CHURCH: All right, let's go back to our George Howell in Wilmington, North Carolina for the very latest on hurricane Florence. George?

GEORGE HOWELL, CNN NEWSROOM SHOW HOST: Rosemary, the storm tracking directly to where we are right now. Here in Wilmington the eye of the hurricane about 400 kilometers away at this point where I'm standing right now, rest assured it will be a very different scene in the next 24 to 36 hours. Take a look at this massive storm now from outer space. You get a sense of how big hurricane Florence is. The good news, it has been downgraded to a category two storm.

At this point again, that is very good news for people here, but there's more to it than just a category, in fact, don't get caught up in the category. There's more to it because this storm brings a great deal of rain as it comes inland. It brings very strong winds capable of causing great damage, the storm surge also very important, especially along the coastline and then the nature of this storm moving at a snail's pace, that will lead to severe flooding throughout the southeastern part of the United States and that rain may stick around for several days to come.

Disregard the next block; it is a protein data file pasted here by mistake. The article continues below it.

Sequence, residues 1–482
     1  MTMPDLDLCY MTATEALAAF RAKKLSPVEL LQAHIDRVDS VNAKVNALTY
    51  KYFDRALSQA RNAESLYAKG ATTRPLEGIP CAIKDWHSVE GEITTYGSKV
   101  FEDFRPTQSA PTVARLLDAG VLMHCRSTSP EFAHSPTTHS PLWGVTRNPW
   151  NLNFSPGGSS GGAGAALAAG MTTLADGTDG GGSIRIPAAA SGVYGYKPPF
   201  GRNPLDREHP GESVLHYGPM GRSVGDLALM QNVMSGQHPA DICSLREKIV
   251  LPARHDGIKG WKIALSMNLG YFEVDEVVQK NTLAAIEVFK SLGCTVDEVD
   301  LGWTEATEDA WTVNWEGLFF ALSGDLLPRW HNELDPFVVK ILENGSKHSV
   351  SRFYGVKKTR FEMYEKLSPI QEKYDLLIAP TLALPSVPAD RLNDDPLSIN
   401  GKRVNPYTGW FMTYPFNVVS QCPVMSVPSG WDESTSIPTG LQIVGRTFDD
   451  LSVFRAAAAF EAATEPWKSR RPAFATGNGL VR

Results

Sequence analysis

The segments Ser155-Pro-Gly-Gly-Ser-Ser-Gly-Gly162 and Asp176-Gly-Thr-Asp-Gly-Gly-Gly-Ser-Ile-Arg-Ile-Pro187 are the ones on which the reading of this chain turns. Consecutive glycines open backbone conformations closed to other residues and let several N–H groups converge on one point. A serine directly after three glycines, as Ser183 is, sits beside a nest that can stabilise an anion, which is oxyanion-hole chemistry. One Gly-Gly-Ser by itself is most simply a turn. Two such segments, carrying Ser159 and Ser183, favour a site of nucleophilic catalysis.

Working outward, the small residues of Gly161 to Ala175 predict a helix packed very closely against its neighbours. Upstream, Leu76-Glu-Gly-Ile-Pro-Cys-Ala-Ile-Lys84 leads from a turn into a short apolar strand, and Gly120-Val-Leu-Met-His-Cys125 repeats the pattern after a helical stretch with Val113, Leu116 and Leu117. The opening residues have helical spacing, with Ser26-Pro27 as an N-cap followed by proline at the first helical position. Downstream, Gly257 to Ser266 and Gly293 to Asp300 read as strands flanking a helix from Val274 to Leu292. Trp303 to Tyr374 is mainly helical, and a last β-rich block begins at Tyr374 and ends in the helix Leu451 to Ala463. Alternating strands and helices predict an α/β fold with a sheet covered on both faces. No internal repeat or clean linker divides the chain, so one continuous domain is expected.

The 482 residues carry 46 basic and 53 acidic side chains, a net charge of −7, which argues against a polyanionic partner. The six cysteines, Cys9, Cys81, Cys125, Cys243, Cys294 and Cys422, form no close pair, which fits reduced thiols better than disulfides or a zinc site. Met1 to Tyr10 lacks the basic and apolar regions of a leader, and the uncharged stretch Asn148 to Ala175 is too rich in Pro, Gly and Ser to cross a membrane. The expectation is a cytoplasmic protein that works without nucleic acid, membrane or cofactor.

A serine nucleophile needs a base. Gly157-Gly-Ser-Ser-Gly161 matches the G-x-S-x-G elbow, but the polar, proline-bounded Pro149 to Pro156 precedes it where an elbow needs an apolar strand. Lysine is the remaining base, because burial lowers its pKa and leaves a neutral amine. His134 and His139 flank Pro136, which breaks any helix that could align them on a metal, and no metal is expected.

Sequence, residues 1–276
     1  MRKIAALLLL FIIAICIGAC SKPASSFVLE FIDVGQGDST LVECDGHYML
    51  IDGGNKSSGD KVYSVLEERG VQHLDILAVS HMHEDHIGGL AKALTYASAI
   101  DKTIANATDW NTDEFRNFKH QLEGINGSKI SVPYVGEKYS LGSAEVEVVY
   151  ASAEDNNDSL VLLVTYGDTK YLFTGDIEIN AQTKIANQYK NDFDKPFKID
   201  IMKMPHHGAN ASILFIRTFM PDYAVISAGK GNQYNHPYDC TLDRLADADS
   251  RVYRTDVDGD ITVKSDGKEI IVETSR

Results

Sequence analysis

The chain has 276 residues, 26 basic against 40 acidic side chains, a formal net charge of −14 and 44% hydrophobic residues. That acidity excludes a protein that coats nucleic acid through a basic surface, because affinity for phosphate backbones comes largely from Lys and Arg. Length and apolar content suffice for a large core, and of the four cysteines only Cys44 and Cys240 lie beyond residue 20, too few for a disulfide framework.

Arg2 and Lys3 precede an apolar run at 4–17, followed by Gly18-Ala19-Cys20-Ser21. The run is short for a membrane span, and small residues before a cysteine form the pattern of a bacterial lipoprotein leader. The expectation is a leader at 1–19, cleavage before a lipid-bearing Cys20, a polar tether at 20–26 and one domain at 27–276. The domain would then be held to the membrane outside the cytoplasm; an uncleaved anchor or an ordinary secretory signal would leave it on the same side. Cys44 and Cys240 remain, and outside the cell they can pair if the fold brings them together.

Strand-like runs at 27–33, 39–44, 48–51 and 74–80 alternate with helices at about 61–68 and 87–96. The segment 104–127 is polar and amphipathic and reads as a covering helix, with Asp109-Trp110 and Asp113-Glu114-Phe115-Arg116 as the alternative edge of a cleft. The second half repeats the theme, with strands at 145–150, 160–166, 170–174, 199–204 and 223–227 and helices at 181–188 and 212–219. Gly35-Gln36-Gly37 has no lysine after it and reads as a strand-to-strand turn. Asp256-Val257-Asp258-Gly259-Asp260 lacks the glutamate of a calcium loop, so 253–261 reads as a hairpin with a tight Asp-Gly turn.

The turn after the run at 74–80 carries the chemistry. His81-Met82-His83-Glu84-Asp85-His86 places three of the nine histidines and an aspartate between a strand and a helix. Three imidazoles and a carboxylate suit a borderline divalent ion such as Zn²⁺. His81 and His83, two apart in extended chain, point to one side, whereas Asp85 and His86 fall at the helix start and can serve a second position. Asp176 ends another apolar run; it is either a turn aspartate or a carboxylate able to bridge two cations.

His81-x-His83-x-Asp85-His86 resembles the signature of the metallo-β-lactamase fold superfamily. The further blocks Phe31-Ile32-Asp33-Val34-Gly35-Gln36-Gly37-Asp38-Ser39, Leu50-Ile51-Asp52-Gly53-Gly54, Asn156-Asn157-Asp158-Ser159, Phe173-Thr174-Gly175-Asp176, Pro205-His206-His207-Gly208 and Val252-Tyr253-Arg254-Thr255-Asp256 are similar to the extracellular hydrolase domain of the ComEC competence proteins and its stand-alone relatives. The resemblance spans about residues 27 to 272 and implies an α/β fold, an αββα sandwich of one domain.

Throughout the Carolina, preparations are under way including the popular tourist destination the Myrtle Beach South Carolina. That is where my colleague Drew Griffin filed a report from there.

(BEGIN VIDEO)

DREW GRIFFIN, CNN CORRESPONDENT: This is Ocean Boulevard Myrtle Beach, usually crowded. Right now Myrtle Beach tonight under a curfew. Mandatory curfew that started at 10:00 last night actually and then now it goes into the night of course. This area really caught somewhat off-guard by the change in direction. They thought they would have a glancing blow. Wednesday morning that forecast changed and now they realize they could be a direct hit of Florence.

The businesses all were ordered shut at 5:00 last night. They boarded up. They sand bagged as best they could. You could see the up and down this street here. They're concerned not just about the surge that could come in and the wind that could come in from the ocean which I can see in the dark, you can't see here, but also just the sheer amount of rain they expect is going to fall because of the slow moving nature of this.

It really did change everything from Myrtle Beach and for South Carolina. It led to many, many more people being evacuated. On this day, they are still going to have a few more hours of daylight, tomorrow they can evacuate. Even more some of the hangars owners, they are trying to convince to leave. But I want to show you something else. This big Ferris wheel, it is kind of iconic spot here in downtown Myrtle Beach. There are no cars on it. They took all of the cars off of that Ferris wheel during the daylight hours. Shipped them away so that they could hopefully put them back on a fully intact Ferris wheel when this thing is all over. Right now hundreds of people are in shelters, 1300 across the state, probably more than that by now as South Carolina and Myrtle Beach awaits for slow moving Florence to come in and move out.